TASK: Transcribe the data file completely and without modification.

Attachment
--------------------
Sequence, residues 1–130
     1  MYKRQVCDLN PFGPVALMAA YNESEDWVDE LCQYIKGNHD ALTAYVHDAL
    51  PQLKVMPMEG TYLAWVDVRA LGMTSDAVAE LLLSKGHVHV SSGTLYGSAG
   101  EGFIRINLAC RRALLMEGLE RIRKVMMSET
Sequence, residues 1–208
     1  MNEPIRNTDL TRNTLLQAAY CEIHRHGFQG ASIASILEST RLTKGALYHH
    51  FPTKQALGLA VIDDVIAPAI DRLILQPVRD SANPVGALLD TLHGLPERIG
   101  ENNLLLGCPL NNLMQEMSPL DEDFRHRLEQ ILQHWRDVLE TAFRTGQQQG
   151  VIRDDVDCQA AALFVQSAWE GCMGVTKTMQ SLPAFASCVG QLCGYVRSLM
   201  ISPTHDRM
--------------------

Sequence, residues 1–130
     1  MYKRQVCDLN PFGPVALMAA YNESEDWVDE LCQYIKGNHD ALTAYVHDAL
    51  PQLKVMPMEG TYLAWVDVRA LGMTSDAVAE LLLSKGHVHV SSGTLYGSAG
   101  EGFIRINLAC RRALLMEGLE RIRKVMMSET
Sequence, residues 1–208
     1  MNEPIRNTDL TRNTLLQAAY CEIHRHGFQG ASIASILEST RLTKGALYHH
    51  FPTKQALGLA VIDDVIAPAI DRLILQPVRD SANPVGALLD TLHGLPERIG
   101  ENNLLLGCPL NNLMQEMSPL DEDFRHRLEQ ILQHWRDVLE TAFRTGQQQG
   151  VIRDDVDCQA AALFVQSAWE GCMGVTKTMQ SLPAFASCVG QLCGYVRSLM
   201  ISPTHDRM